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Repositorio de la Universidad de Oviedo > Trabajos Fin de Máster > Ciencias > Máster Universitario en Física de la Materia Condensada y Nanotecnología >

Use este identificador para citar o enlazar este ítem: http://hdl.handle.net/10651/4051

Título : Construction and characterization of a temperature-controlled fluid cell for single-molecule studies with Magnetic Tweezers
Autor(es) y otros: Zuttion, Francesca
Director(es): Vélez Fraga, María
Moreno Herrero, Fernando
Benjamin, Gollnick
Palabras clave: Temperature-Controlled
Magnetic Tweezers
Fecha de publicación : 25-jun-2012
Resumen : An important class of enzymes that is object of single-molecule biophysics studies is the one formed by proteins called helicases. Helicases are molecular motors that move along double-stranded DNA unwinding the two strands using the energy of ATP. These motor proteins can have different structural compositions that influence their function, but all of them have the property that their activity depends on the temperature of the surrounding medium. Our goal is to study how the activity of the helicase-nuclease complex AddAB is influenced by temperature, using a Magnetic Tweezers (MT) setup. With the aim of controlling the temperature inside the sample cell with a precision of 0.1 °C, a modified version of the current MT sample cell has been constructed and characterized. Briefly, the sample cell consists of two glass cover slides sealed by two layers of Parafilm. This assembly is coupled to liquid inlets and outlets by a metal baseplate and a plastic sample holder. The channel created between the two glass layers is accessed through two holes made in the upper cover glass and enables flushing buffer inside the fluid cell to study the activity of biological samples. In order to control the temperature of the system two thin-foil resistive heaters have been attached to the bottom part of the baseplate, and using a high-precision sensor the temperature of the baseplate has been monitored. The setup is controlled by customized LabVIEW software that contains a PID feedback, through which the voltage applied to the heaters is regulated and the heating process is monitored. The results presented in this thesis correspond to calibration measurements and finite-element simulations. We have found that both in-silico and experimental measurements are in good agreement.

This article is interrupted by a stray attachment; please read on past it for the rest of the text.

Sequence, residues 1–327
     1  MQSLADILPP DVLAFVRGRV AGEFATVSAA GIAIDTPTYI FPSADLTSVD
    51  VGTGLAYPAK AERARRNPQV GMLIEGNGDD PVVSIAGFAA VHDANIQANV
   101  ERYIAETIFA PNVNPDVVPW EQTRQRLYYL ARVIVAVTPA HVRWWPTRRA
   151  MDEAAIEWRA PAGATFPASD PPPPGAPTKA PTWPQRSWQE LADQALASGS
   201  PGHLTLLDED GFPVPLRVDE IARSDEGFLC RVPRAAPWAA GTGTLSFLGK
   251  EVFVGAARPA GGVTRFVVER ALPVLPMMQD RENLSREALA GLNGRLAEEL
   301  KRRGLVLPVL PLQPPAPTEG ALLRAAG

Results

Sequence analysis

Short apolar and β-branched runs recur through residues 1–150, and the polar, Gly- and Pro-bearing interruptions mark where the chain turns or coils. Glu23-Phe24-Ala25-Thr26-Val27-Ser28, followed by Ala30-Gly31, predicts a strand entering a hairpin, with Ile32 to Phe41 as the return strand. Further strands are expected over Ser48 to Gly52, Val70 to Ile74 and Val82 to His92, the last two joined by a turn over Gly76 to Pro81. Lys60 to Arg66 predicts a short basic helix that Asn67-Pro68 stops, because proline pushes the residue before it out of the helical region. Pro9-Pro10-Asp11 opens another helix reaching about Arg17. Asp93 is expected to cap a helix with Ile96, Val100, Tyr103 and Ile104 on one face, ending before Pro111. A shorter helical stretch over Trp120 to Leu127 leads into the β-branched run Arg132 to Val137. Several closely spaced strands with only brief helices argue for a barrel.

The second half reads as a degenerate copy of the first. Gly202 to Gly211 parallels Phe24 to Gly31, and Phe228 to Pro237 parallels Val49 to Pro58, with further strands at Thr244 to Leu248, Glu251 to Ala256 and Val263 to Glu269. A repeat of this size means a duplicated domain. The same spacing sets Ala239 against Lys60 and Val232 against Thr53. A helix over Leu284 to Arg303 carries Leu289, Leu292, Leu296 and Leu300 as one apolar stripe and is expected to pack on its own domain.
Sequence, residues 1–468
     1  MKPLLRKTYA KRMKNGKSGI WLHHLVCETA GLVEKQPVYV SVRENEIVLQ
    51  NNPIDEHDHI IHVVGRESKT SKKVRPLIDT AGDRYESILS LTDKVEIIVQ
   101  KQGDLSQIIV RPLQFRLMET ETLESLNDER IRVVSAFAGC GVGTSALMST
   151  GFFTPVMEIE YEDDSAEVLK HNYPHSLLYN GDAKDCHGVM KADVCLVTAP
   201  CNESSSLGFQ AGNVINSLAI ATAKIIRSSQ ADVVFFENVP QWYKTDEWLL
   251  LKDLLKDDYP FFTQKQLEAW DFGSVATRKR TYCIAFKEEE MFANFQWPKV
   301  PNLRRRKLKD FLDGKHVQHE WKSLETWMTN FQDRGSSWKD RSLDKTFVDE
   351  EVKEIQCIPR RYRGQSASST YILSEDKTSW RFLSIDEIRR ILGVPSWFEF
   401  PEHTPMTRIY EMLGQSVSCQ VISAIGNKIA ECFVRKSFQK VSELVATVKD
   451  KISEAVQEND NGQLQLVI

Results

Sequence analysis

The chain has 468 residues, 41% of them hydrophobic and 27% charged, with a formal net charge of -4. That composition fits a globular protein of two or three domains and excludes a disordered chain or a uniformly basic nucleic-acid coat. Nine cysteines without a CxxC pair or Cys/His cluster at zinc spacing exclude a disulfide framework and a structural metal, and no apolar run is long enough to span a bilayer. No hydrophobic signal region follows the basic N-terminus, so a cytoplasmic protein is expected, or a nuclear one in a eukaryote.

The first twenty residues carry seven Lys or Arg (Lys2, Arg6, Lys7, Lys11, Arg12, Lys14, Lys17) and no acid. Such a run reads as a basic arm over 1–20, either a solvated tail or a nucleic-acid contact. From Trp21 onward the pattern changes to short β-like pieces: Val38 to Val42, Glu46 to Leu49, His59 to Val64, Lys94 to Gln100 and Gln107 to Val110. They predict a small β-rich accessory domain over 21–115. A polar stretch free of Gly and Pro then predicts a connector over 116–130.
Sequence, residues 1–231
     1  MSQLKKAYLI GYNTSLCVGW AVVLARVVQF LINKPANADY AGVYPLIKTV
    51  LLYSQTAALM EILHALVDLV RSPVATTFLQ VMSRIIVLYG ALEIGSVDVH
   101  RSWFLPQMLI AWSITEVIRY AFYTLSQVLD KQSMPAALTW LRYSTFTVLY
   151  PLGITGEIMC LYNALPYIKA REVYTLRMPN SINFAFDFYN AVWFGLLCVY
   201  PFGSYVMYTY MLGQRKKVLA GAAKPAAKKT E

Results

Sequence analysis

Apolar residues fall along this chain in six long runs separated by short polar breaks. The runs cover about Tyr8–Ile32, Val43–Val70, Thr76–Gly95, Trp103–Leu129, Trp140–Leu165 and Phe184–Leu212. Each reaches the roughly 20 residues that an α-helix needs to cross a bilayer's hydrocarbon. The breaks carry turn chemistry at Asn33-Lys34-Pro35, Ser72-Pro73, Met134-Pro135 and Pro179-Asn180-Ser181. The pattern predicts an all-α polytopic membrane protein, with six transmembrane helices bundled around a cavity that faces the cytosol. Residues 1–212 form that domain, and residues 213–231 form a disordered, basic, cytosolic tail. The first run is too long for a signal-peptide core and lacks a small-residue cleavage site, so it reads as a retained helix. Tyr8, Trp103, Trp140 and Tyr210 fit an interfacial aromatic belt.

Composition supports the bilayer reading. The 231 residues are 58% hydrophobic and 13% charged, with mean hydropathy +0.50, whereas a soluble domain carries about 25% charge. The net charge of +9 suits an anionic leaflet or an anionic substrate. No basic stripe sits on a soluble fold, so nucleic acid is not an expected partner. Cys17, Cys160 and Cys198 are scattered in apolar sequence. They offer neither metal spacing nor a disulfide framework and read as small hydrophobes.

URI : http://hdl.handle.net/10651/4051
Aparece en las colecciones: Máster Universitario en Física de la Materia Condensada y Nanotecnología

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